THE TRUMP administration likes to justify its multi-front crusade against immigration and immigrants as a revival of the rule of law, or a recalibration of the rules to favor disadvantaged American workers. In fact, it is largely a resurrection of xenophobia that coincides with a spike, nearly 50 years in the making, in the number of foreign-born residents living in the United States.
“For decades,” Attorney General Jeff Sessions said in a speech in October, “the American people have been begging and pleading . . . for an immigration system that’s lawful and serves the national interest. Now we have a president who supports that.”
Mr. Sessions’s claims are specious. An embrace of legality is not the driving force behind the president’s decision to slash the admission of refugees to levels unseen in nearly 40 years. It is not what compelled Mr. Trump to endorse Republican legislation that would cut the annual allotment of green cards by a half-million, mainly by barring relatives of existing legal permanent residents of the United States. It is not why the Pentagon has considered ending a recruitment program that put skilled foreigners on a fast track for citizenship if they served in this country’s armed forces. And it is not why the administration favors ending the so-called diversity visa lottery program, under which immigrants are admitted from nations underrepresented in other programs.
Those programs were all legally enacted and, by and large, carried out in compliance with the law. The animating force in targeting them, as the administration is now doing, is an effort to turn back the tide of foreigners in our midst and exorcise what the president evidently sees as the demon of diversity.
The administration’s goal is not to reshape America’s immigration policy but to prune immigration itself. While Mr. Trump backs a GOP plan that would give preference to immigrants with skills rather than family connections in the United States, the effect would be not simply to shift the mix while maintaining the current level of legal immigration but to drastically reduce overall numbers of admissions.”
. . . .
Unfortunately, Mr. Trump has poisoned the debate on immigration so thoroughly that he has twisted the frame through which many Americans see the issue. His slurs — labeling Mexican immigrants as rapists and Muslim immigrants as terrorists — form the context from which the administration’s policies arise. They are affronts to U.S. tradition and values.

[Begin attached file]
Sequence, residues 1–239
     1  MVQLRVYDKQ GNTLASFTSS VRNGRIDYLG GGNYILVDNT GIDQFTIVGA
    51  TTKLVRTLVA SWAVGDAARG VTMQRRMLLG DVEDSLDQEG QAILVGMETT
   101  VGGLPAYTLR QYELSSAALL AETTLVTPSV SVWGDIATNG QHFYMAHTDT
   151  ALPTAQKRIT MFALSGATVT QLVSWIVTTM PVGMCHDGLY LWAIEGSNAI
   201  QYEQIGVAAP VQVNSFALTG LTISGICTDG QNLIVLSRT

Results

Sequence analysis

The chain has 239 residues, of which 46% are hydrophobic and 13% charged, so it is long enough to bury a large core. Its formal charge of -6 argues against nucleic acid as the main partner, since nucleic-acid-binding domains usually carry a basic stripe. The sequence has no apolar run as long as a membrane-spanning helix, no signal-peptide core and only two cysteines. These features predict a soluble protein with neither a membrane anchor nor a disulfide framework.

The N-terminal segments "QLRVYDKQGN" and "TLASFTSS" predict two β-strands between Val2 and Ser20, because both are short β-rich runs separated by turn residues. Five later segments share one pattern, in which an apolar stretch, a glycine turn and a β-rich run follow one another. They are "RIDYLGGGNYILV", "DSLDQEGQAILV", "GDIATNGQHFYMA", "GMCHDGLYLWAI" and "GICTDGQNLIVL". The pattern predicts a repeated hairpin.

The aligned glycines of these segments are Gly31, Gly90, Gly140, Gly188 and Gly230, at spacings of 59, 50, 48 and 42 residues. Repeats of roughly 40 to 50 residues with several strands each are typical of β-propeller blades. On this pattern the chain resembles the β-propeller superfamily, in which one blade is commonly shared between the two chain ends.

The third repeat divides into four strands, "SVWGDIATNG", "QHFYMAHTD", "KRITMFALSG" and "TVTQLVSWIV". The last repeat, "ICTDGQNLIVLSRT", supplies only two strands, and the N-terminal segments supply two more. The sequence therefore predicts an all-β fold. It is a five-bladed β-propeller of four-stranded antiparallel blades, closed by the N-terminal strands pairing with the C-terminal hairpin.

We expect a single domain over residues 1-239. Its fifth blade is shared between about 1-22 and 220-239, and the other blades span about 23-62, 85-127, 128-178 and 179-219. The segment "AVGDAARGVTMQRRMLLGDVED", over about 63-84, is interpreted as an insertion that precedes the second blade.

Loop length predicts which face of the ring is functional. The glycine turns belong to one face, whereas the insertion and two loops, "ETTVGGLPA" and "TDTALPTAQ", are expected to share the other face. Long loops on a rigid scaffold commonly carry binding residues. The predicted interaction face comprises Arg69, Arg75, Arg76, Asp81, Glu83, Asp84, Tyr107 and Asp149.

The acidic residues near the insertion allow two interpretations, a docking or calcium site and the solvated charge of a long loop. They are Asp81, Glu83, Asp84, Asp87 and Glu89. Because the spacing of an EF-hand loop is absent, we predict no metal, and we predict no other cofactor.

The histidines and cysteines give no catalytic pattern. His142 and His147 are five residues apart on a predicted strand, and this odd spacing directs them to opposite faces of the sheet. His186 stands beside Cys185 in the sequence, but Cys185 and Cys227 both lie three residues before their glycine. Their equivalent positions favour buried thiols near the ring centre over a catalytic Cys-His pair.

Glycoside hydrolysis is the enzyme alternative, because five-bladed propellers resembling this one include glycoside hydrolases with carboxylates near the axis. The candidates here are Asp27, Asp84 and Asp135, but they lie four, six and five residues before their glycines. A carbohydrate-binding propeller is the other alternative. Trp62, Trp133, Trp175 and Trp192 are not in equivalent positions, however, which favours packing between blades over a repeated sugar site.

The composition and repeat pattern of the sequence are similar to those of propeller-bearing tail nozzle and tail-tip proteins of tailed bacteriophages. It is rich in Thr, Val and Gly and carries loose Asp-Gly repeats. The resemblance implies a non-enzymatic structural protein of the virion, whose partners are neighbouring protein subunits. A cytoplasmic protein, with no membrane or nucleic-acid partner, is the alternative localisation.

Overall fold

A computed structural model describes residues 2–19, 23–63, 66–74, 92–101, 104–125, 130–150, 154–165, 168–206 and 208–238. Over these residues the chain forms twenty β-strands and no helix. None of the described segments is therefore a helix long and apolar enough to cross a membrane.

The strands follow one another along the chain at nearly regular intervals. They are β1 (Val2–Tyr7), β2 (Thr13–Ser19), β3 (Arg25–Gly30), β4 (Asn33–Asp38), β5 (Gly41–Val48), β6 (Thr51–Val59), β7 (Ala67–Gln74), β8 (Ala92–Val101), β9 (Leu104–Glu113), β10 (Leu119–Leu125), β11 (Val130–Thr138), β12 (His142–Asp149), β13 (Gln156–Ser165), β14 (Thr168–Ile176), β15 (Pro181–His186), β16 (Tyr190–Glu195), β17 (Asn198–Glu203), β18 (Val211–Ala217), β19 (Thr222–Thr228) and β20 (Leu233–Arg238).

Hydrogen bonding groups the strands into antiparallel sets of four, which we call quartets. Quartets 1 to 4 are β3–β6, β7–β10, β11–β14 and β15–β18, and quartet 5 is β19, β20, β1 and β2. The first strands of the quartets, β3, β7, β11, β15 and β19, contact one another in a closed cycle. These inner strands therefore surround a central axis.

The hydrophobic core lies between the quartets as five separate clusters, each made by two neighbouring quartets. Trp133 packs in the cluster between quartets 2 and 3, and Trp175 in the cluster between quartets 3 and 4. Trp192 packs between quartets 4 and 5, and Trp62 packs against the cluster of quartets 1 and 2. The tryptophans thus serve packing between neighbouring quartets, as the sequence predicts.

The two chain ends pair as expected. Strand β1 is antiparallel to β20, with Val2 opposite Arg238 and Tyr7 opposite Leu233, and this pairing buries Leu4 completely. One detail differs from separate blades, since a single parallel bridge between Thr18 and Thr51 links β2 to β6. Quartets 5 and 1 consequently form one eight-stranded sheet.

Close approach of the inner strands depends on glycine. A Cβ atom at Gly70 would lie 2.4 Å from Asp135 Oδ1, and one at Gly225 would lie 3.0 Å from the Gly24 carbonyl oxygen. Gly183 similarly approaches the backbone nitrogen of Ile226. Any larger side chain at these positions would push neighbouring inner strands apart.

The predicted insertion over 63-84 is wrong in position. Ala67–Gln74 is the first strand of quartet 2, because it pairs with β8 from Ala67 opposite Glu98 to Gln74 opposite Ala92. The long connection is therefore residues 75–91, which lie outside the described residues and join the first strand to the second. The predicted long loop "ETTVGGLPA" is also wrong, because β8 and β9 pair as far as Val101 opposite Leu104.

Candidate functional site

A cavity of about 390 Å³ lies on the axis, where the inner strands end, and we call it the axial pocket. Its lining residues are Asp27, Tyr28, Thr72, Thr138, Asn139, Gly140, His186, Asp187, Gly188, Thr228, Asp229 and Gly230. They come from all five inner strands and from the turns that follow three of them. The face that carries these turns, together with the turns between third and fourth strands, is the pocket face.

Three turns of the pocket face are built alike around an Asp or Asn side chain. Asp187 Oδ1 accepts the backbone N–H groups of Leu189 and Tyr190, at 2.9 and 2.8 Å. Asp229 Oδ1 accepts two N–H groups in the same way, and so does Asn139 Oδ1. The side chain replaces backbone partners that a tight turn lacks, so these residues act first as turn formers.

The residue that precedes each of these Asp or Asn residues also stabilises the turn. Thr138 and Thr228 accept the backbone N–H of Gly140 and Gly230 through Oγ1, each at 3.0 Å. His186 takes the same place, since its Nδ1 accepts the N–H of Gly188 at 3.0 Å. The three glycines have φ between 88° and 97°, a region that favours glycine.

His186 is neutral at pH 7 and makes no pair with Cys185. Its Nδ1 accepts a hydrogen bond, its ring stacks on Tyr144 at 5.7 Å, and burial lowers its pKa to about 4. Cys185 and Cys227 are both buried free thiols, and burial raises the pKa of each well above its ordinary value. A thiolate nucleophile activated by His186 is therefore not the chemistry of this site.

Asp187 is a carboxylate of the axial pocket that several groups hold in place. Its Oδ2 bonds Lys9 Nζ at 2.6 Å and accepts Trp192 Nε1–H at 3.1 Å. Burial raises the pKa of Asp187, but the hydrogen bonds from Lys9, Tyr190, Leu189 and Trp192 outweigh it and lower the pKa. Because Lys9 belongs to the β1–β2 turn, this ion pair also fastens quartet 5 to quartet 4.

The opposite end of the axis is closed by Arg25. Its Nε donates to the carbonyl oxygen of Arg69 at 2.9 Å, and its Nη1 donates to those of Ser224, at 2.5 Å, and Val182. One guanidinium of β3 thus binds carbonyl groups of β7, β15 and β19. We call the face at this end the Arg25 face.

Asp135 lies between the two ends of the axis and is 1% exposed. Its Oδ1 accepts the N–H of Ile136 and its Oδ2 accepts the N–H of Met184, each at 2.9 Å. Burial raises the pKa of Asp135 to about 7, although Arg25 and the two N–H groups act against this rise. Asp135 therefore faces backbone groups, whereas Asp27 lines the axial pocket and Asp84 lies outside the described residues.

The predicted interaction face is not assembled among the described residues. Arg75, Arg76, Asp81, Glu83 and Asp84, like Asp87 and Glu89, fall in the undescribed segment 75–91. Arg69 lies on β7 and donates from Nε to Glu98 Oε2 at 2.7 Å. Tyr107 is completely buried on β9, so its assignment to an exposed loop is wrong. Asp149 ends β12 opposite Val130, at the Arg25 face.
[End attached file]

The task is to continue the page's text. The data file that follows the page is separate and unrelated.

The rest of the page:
They’re also an assault on what Mr. Sessions refers to as “the national interest” and specifically the United States’ economic well-being. Legions of employers dependent on immigrant workers, especially to fill low-skilled jobs for which native-born Americans are too well educated and in short supply, will be harmed by choking off the flow of immigrant labor. With unemployment at a 16-year low and approaching levels unseen in a half-century, the Trump policies threaten to sap the economy by depriving it of the energy of striving newcomers who have fueled this nation’s ambitions since its founding.
It is within the president’s discretion to intensify efforts at deportation, though the humanitarian price — in shattered communities and families, including those whose children, born in this country, are Americans — is high. It is reasonable to take steps to tighten border security, though with illegal crossings already at a 40-year low and the Border Patrol’s staffing having already been doubled since the George W. Bush administration, a significant new investment along those lines faces the risk of diminishing returns. The administration may arguably have had a valid legal basis for ending the Obama-era program granting deportation protection for “dreamers” — undocumented immigrants who entered the country as children, often brought by their parents — though only a smallish minority of Americans believes they should be removed from this country.